The Band Wagon is available singly or as part of Warner Home Entertainment's Classic Musicals box set. Three of the four other titles are adaptations of Broadway musicals. Bells Are Ringing does the job fairly well, preserving the treasured stage performance of Judy Holliday in what turned out to be her last hurrah. "I'm Goin' Back," Judy sings in her big final number, "where I can be me, to the Bonjour Tristesse Brassiere Company." This is selling a song, all right. Once again Comden & Green and Minnelli, this time with music from Jule Styne.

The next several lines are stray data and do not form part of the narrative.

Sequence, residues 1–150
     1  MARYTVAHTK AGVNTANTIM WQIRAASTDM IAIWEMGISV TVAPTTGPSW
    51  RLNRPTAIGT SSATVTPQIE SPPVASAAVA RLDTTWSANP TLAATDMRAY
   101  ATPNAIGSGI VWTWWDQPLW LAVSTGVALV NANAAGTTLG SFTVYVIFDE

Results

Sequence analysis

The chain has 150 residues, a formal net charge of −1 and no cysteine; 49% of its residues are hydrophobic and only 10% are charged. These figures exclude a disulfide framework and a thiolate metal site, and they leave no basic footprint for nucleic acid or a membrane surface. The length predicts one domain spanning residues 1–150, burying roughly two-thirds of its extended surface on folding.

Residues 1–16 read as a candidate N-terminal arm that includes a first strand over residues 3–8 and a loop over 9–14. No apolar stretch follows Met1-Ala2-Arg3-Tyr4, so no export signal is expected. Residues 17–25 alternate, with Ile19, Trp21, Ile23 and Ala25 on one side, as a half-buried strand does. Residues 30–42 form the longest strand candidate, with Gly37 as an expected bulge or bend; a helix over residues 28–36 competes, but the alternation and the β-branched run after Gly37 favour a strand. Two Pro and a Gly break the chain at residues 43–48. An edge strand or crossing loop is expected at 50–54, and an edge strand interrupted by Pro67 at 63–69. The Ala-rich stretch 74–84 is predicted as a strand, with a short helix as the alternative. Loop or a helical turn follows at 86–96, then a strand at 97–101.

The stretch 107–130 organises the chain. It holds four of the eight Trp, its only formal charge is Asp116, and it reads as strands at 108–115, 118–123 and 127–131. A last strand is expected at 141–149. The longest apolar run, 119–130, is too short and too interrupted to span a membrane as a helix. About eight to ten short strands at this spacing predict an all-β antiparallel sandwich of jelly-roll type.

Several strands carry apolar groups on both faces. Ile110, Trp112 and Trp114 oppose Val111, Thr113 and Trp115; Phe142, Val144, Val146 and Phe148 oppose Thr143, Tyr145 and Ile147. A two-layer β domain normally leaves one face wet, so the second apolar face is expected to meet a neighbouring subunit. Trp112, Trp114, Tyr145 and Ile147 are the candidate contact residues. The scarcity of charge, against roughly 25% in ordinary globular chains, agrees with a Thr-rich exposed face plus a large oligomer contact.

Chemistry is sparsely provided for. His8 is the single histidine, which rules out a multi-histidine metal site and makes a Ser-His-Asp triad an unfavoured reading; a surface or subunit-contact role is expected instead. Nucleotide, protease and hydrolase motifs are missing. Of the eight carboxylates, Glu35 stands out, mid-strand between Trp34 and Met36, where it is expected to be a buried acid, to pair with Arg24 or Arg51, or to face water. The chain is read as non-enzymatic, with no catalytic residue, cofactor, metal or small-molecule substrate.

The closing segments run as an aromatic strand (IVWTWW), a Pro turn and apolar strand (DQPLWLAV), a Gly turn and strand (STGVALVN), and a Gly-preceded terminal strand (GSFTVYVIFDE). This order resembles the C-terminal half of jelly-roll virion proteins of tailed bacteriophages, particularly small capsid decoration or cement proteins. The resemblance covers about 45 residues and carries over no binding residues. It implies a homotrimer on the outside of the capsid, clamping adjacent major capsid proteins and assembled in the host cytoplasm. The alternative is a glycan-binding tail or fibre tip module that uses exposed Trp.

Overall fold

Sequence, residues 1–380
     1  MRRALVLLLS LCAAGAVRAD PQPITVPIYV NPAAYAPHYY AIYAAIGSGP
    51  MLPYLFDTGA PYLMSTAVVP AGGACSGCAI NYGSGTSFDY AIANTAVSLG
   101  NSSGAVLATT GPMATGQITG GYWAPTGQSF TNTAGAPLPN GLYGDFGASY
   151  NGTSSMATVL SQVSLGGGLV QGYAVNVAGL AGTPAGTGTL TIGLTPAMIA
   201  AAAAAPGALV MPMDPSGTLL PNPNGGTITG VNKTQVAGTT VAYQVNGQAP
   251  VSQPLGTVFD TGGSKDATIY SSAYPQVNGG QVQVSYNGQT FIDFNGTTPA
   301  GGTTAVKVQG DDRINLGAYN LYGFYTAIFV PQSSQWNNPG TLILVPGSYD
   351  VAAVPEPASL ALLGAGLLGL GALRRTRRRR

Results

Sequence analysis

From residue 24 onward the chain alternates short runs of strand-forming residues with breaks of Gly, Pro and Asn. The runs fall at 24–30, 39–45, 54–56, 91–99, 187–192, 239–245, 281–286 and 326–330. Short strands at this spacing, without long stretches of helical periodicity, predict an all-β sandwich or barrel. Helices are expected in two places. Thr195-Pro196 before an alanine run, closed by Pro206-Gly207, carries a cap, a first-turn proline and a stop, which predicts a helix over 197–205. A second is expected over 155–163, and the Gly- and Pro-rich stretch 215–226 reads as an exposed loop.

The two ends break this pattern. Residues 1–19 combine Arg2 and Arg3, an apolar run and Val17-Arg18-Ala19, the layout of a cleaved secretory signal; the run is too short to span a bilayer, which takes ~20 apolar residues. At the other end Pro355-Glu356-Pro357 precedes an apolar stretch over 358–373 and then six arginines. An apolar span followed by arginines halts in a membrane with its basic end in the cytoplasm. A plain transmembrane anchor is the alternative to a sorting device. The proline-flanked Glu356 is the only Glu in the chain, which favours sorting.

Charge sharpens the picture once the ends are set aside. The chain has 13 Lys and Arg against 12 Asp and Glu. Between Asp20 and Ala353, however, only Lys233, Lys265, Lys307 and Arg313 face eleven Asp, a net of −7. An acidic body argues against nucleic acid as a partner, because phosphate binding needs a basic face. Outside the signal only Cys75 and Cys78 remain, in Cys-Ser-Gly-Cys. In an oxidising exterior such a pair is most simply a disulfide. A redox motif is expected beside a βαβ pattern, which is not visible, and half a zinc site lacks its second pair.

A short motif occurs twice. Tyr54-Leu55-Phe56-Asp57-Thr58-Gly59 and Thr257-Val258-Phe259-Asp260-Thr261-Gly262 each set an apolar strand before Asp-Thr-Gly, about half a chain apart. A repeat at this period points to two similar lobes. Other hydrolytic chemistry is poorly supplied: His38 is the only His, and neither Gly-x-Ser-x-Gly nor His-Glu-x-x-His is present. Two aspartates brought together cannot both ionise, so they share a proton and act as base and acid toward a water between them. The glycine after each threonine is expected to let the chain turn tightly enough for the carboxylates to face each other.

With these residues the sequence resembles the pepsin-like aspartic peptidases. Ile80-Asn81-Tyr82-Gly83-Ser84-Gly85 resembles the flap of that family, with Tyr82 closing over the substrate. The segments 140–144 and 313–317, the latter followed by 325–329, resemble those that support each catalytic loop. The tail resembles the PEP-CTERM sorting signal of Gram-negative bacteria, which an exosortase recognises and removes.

The other adaptations are good examples of what not to do. Finian's Rainbow and Brigadoon, two near-perfect musicals that opened within two months in early 1947, both collapse on celluloid. For different reasons, yes, but the films are mighty curious. With On the Town, An American in Paris and Singin' in the Rain under Gene Kelly's belt, M-G-M decided in 1954 to send him to the Highlands of Scotland. Not a good idea, as it turned out. For starters, what had been two strong-singing roles on stage were handed to dancers Kelly and Cyd Charisse. This one was yet another Minnelli epic, but without that magic touch. There's Kelly, and then there's Astaire. Astaire got Finian's but it was a very different Astaire in a very different era. The show's strong social stance kept it off the screen for more than 20 years. By the time it went before the cameras, it was the age of Aquarius — Hair had already arrived on Broadway — and Astaire was pushing 70. So Fred didn't play the romantic hero, or the comic hero; instead, he played the heroine's father.  This was a non-singing role in 1947; the fellow who played it on stage, coincidentally enough, appears as the heroine's father in the Brigadoon film. In an attempt at making Finian's significant to 1968 audiences, youthful director Francis Ford Coppola was put in charge.  The results were understandably very different from what was onstage in 1947; that was the whole idea, I suppose. But it doesn't reflect well on what Burton Lane and Yip Harburg created a generation before.